When the rate of rainfall or snow melt water influx exceeds the absorptive capacity of the soil, the excess water flows over the surface as overland flow. In general, the intensity of rain increase, the rate of infiltration increases. Some of the water percolate or seep down to an impervious layer of clay or rock to be stored as ground water. In ground water zone, percolation happened which is caused by gravity and capillary forces, the water find its way into streams or springs, and eventually rivers and
The design must also consider the stormwater reaching in the lower critical level areas through natural stream flow on manmade ditches. In Surat city some critical location flooding occurs during monsoon season. It is that interval of time in which river Tapi flows under high flood condition also. According to location there are some types of flood occurs in city
Swelling potential increases with the increasing amount of clay minerals. Soil Water Chemistry Swelling is repressed by increased cation concentration and increased cation valance. For example, Mg+2 cations in the soil water would result in less swelling than Na+ cations. Soil Structure and Fabric Flocculated clays tend to be more expansive than dispersed clays. Cemented particles reduce swell.
STORMWATER MANAGEMENT Defining the Problem Stormwater runoff can be defined as “…the water that flows over the land from rainfall during or after a storm event or as a result of snowmelt” (Pyzorha 1994). Generally, part of this runoff will be absorbed through infiltration, while the rest will make its way to streams and lakes. As watersheds experience an increase in urbanization, however, impervious coverage increases, thereby reducing infiltration. Reduced infiltration increases the possibility and intensity of flooding (Booth and Jackson 1997), as well as the likelihood that runoff will become contaminated with pollutants, thereby threatening aquatic ecosystems. The relationship between watershed urbanization and aquatic ecosystem conditions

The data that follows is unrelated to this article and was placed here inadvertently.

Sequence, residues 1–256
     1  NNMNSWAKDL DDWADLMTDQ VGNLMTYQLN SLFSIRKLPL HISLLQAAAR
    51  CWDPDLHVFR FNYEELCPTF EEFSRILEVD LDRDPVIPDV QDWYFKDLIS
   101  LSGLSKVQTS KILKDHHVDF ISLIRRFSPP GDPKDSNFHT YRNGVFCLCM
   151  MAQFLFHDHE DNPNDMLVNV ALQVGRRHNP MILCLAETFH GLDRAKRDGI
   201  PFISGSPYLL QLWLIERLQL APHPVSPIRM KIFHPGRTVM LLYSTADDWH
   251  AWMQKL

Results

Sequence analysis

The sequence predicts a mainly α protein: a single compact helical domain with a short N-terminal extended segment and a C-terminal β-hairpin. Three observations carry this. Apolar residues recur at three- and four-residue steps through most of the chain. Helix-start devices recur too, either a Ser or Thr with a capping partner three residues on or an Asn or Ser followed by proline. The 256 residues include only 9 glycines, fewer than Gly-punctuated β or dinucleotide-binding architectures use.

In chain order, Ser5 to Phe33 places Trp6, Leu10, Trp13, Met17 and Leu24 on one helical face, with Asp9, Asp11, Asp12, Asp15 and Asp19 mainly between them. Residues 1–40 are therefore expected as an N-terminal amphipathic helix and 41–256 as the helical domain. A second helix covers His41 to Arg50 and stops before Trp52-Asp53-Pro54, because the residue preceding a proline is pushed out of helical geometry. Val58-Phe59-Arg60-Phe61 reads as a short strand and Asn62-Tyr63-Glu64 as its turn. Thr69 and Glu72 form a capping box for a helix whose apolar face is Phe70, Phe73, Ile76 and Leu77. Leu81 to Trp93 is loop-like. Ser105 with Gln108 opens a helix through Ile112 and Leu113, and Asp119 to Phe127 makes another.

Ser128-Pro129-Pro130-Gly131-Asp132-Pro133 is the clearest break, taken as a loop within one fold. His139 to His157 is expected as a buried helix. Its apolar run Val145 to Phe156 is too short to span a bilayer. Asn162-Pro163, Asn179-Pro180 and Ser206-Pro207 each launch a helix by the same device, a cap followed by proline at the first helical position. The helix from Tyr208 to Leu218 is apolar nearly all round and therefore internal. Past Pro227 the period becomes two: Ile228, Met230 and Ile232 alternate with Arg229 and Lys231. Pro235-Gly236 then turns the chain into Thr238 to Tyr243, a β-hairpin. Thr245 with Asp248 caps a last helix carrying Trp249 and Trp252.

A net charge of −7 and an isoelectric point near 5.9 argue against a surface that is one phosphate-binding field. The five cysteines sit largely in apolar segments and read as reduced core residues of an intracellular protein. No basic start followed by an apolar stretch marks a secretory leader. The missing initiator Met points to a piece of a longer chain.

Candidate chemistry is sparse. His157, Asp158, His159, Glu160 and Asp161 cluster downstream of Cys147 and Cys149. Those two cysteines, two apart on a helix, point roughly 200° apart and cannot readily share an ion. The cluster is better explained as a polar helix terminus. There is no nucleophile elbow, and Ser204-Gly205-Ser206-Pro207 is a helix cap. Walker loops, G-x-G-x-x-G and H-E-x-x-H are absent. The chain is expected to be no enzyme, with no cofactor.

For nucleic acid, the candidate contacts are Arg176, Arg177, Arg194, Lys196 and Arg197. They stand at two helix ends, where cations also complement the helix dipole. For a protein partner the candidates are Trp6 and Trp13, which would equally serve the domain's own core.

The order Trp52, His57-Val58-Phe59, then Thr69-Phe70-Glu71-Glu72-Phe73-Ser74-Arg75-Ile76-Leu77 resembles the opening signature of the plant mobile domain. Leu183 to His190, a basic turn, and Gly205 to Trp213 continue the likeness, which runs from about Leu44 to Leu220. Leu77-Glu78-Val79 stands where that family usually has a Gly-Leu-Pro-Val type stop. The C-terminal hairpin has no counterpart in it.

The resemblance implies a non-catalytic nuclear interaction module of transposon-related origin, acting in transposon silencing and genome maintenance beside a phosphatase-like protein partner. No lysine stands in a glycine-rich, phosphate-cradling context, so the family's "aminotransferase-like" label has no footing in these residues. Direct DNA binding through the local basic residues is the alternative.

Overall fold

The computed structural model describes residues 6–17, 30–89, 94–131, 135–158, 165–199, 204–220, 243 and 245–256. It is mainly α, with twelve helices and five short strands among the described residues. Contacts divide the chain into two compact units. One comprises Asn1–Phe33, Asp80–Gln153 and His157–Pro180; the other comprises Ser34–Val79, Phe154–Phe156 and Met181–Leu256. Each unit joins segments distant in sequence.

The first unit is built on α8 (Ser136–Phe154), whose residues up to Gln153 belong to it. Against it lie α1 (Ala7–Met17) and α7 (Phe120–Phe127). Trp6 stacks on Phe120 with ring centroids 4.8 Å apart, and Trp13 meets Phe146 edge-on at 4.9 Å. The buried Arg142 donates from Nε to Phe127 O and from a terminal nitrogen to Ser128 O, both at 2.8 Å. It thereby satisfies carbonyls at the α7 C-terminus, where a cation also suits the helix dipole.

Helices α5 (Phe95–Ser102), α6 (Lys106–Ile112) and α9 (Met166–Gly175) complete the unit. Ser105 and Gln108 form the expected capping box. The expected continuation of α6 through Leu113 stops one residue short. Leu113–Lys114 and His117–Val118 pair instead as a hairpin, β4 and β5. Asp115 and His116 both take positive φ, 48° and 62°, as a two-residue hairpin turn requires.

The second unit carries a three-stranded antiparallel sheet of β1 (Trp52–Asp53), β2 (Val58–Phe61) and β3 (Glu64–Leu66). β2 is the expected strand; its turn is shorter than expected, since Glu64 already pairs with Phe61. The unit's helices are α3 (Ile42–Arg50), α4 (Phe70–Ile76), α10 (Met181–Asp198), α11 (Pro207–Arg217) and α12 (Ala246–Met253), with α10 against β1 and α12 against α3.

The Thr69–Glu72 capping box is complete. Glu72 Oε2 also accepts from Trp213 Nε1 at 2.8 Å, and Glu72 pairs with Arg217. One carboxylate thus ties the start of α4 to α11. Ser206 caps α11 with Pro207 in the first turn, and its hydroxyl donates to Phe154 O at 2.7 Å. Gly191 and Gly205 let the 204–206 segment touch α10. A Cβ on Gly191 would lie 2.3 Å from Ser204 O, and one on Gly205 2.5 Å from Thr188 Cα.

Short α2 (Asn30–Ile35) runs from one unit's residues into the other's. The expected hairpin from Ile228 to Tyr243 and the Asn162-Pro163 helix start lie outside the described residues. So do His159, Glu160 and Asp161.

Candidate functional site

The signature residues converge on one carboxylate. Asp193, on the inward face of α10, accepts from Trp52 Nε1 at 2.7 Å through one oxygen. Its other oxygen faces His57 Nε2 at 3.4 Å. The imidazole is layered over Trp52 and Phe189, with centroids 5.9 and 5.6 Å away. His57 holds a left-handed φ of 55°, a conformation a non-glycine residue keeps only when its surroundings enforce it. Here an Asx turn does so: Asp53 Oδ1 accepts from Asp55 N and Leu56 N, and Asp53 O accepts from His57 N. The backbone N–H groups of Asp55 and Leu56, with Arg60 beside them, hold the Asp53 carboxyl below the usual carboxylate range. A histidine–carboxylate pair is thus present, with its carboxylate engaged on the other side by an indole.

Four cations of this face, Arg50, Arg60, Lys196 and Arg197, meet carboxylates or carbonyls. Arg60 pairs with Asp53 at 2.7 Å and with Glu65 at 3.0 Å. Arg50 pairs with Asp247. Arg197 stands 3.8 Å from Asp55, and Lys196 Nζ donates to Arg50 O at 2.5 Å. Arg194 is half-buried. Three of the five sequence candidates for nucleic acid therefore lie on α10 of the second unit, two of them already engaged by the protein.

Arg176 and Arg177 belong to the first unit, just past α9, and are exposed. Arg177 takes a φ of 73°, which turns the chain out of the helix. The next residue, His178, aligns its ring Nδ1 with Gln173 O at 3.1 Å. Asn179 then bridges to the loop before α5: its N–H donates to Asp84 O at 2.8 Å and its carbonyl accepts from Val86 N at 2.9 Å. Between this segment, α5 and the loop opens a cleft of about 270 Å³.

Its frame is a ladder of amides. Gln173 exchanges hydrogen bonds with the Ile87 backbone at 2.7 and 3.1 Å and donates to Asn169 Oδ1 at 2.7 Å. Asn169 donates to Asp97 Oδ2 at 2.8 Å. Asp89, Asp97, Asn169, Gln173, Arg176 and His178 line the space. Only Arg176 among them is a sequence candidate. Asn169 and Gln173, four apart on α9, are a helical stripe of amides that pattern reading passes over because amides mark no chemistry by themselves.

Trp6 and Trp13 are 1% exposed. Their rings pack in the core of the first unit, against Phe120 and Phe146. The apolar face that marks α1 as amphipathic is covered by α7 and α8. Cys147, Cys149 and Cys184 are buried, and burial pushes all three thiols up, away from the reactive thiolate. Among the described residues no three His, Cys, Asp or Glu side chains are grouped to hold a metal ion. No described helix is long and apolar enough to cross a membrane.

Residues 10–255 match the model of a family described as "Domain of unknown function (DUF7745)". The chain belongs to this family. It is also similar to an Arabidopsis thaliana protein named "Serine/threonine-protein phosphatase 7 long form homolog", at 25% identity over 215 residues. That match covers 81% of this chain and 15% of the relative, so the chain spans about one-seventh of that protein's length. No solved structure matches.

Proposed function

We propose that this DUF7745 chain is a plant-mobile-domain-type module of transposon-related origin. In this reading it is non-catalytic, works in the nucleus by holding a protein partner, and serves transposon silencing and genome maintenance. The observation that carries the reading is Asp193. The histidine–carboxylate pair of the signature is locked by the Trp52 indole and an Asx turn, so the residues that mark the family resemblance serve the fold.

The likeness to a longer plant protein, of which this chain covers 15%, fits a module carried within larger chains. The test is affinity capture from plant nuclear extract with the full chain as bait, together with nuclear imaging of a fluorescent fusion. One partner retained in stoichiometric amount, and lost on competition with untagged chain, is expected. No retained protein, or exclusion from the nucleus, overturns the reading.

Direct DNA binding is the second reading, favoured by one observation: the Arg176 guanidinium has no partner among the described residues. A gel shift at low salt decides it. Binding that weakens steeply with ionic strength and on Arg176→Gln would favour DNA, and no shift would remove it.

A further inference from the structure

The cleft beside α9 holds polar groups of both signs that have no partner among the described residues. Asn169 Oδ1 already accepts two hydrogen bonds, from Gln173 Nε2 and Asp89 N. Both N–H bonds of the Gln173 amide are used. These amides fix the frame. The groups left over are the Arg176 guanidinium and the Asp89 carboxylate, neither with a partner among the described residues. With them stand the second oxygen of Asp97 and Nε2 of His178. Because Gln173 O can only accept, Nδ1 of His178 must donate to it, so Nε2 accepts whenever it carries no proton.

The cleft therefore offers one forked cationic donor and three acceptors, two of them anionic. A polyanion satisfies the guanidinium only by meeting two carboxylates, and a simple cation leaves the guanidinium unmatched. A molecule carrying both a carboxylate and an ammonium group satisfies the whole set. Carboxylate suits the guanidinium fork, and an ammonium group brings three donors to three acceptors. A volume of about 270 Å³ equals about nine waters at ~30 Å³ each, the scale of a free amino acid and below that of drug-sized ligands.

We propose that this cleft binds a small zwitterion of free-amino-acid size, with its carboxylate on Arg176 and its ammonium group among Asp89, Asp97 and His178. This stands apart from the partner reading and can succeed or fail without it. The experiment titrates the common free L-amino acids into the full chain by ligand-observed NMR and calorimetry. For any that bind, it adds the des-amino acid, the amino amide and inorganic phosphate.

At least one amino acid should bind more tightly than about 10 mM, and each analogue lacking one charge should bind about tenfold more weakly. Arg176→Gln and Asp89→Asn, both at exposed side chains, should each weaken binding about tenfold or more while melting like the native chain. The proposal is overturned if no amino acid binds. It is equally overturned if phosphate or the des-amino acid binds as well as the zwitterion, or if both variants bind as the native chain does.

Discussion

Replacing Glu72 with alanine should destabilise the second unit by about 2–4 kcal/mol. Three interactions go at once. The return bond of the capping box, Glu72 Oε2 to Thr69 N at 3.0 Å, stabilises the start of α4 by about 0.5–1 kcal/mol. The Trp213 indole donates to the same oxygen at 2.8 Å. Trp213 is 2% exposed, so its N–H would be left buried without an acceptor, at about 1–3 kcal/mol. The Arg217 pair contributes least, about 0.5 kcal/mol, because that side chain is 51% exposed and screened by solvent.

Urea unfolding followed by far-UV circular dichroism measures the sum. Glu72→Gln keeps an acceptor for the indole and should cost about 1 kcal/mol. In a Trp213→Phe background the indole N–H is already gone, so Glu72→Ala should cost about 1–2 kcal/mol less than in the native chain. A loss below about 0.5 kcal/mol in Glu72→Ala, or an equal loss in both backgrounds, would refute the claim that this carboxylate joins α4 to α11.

: from rain fed cultivated area to irrigated one. Land use and land cover changes have environmental consequences, one of which is, these changes mostly dictates the volume and speed of runoff from precipitation and govern soil erosion rate. Wijitkosum (2012) states the factor that significantly affects the soil displacement by rain is the state of land cover or vegetation
Based on the analysed documents, reports and media articles flood in Windhoek is not common even though it has occurred and has caused major damage especially to the roads in the city. The City of Windhoek’s division for Disaster management is responsible for the management of disasters such as floods, however the division doesn’t have documents that indicate how the division intend on addressing a major flood should it occur therefore, a thorough inspection of its Disaster management plan was done and is discussed. According to the auditor general report on emergency preparedness of the prime minister, there are six components of disaster preparedness in Namibia these includes, Institutional Framework of the city, Early Warning Systems identified, Information and Communication Systems, Resource Bases, Response Mechanisms and Public Education and Training offered. These are the basis to which the preparedness of the city of Windhoek is assessed including the policies and other institutions that may contribute to the management of floods in the City. 2.